Arctic Climate Change’s Effect on Caribou Migration

by Kelsey D’Ewart

The freezing and thawing patterns in the Arctic have been increasingly affected as a result of global temperatures increasing, resulting in earlier later freezing and earlier thawing. This is forcing phenology changes in many Arctic species. Particularly, there has been a change in migration patterns in many species due to the lack of frozen bodies of water. This can lead to longer, more strenuous, and more dangerous migrations that can result in higher mortality rates. Leblond et al. (2016) tracked the ice thawing and freezing times for bodies of water in the migration path of caribou Rangifer tarandus Northern Quebec from 2007−2014, allowing them to determine if the change in ice melt was affecting the caribou’s phenology. Their hypothesis was that the caribou would travel extra distance in order to avoid swimming or water that was not completely frozen. They assessed four different parts of the migration: previous data for freezing trends, the caribou’s response to the change in freezing trends, fine-scale caribou behavior and phenology, and possible future movement using climate change projections. Continue reading

Ecological Networks are more Sensitive to Plant than to Animal Extinction under Climate Change

by Leta Ames

There is a growing need for climate change models that can accurately represent not only the effects on individual species, but also the interactions and compounding effects within ecosystems. These interactions between species form different “mutualistic networks”. Schleuning et al. (2016) modeled the impact of individual species’ responses to climate change in plant-animal mutualistic networks. Specifically, climatic tolerance of 295 plant species, in eight pollinator networks and five seed-disperser networks in unique areas of central Europe were used to understand the relationship between sensitivity to climate change, climatic niche breadth, and biotic specializations. Continue reading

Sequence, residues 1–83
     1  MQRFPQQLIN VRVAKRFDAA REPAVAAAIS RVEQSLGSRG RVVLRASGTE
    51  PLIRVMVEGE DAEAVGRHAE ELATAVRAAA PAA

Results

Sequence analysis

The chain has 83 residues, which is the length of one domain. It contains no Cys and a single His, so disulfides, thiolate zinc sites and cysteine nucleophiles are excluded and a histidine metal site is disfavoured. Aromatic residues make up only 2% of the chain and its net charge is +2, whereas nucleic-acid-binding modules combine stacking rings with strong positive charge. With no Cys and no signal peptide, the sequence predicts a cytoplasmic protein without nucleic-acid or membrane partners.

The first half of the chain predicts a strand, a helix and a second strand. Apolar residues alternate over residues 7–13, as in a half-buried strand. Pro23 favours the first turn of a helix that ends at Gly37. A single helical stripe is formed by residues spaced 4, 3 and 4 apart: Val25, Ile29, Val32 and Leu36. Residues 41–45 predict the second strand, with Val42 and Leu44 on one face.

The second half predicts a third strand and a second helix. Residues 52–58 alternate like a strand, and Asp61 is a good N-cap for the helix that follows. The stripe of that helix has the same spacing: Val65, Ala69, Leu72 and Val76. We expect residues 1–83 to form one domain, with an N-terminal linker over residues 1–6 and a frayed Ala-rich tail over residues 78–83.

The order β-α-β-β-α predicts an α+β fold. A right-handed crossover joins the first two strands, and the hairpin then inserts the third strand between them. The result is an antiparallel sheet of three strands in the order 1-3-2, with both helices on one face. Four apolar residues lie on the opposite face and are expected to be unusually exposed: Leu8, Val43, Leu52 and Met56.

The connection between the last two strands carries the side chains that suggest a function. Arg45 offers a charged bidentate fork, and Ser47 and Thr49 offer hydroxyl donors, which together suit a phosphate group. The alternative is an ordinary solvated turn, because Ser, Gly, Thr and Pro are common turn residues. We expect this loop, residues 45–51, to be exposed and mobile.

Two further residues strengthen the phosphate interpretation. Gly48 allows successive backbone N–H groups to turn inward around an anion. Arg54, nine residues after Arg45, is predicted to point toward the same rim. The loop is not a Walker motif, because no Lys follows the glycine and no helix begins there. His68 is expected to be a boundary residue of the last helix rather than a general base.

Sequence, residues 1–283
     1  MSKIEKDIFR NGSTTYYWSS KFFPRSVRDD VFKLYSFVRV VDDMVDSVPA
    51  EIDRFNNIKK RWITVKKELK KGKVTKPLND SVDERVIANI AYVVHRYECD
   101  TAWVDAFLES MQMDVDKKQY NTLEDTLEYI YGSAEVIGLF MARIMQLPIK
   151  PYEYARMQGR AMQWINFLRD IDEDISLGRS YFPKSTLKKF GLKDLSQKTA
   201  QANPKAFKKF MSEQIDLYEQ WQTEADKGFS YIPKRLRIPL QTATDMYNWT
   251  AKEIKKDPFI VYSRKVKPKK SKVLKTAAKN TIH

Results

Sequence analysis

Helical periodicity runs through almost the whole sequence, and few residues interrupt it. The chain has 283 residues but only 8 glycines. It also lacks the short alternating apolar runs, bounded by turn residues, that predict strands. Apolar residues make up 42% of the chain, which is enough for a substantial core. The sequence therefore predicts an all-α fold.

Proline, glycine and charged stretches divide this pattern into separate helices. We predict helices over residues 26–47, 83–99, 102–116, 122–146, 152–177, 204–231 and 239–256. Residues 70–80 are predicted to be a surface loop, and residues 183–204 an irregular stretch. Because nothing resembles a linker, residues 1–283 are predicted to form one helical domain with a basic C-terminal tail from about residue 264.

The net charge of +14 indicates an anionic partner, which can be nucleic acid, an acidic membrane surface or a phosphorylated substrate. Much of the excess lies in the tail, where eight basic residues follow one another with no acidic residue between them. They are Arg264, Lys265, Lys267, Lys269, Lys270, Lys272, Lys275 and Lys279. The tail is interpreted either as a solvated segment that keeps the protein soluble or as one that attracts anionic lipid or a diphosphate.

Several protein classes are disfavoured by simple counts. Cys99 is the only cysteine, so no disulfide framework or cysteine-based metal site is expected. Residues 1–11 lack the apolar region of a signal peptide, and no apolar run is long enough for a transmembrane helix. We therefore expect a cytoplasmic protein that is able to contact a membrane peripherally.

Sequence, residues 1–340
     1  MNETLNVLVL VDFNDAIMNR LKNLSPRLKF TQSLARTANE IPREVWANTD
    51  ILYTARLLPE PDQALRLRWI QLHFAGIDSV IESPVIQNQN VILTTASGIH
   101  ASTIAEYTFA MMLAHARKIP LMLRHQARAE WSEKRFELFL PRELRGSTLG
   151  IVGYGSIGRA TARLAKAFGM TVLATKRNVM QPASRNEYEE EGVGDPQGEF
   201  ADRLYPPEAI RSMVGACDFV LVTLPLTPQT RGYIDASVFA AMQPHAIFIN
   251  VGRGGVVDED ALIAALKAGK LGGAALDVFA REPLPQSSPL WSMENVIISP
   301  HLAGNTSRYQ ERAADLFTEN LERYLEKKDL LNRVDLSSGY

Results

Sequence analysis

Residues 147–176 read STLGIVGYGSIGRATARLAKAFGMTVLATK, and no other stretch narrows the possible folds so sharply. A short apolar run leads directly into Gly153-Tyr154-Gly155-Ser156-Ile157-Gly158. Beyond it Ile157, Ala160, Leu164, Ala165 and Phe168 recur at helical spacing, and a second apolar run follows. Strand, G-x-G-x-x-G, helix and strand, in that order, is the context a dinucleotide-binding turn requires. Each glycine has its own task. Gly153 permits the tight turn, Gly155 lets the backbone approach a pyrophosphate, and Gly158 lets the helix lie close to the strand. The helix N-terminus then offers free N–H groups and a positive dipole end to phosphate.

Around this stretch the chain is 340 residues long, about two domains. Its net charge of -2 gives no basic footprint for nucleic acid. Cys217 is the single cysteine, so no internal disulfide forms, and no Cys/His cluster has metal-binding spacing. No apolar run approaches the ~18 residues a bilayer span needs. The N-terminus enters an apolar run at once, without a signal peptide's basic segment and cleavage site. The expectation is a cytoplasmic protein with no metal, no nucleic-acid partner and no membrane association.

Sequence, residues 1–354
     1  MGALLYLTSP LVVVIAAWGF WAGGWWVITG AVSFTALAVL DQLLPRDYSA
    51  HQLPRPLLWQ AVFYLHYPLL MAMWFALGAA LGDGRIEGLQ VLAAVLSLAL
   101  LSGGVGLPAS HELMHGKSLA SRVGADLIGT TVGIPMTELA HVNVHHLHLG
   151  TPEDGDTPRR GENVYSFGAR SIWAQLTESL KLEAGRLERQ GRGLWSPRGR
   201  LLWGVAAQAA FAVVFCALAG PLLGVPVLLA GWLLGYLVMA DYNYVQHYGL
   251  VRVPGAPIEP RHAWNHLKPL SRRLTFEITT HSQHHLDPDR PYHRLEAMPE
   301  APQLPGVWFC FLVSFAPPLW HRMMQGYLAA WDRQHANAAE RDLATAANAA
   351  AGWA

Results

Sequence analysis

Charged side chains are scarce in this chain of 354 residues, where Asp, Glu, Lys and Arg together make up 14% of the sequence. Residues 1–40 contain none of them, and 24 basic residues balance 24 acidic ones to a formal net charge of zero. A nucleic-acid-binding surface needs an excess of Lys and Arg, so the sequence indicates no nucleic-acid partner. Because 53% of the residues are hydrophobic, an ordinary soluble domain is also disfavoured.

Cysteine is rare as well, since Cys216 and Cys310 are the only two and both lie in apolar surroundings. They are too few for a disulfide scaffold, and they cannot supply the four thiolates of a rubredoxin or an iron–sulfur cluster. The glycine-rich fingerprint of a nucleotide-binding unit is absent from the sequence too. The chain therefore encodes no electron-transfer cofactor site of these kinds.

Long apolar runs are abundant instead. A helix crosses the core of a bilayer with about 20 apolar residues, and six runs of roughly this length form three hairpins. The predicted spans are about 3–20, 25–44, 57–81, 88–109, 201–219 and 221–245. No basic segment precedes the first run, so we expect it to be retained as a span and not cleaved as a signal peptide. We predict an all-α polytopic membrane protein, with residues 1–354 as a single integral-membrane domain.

Cape Verdean Loggerhead Turtles More Climate Change Resilient than Expected

by Wendy Noreña

Following growing concerns about the potential effects of climate change, scientists have begun to study declining levels of biodiversity in the natural world. Of especially large concern are cheloniid reptiles, or turtles, which are ectothermic organisms that rely heavily on atmospheric temperatures and regular seasons to regulate internal temperatures, metabolic rates, and, for turtles, male-to-female sex ratios during egg incubation. Marine turtles are of particular interest to conservation work as there are only seven species, there already exists a large amount of research about them, and, most importantly, they are even more susceptible to climate change than other turtle species because of their beach-dependent nesting habits. Though much has been done to form quantitative analyses of marine turtles’ current state in the face of recent climate fluctuations, Perez et. al. seek to create a qualitative ranking system with which to gauge the resilience, or potential to withstand environmental change, of a reptile now and in the future. Continue reading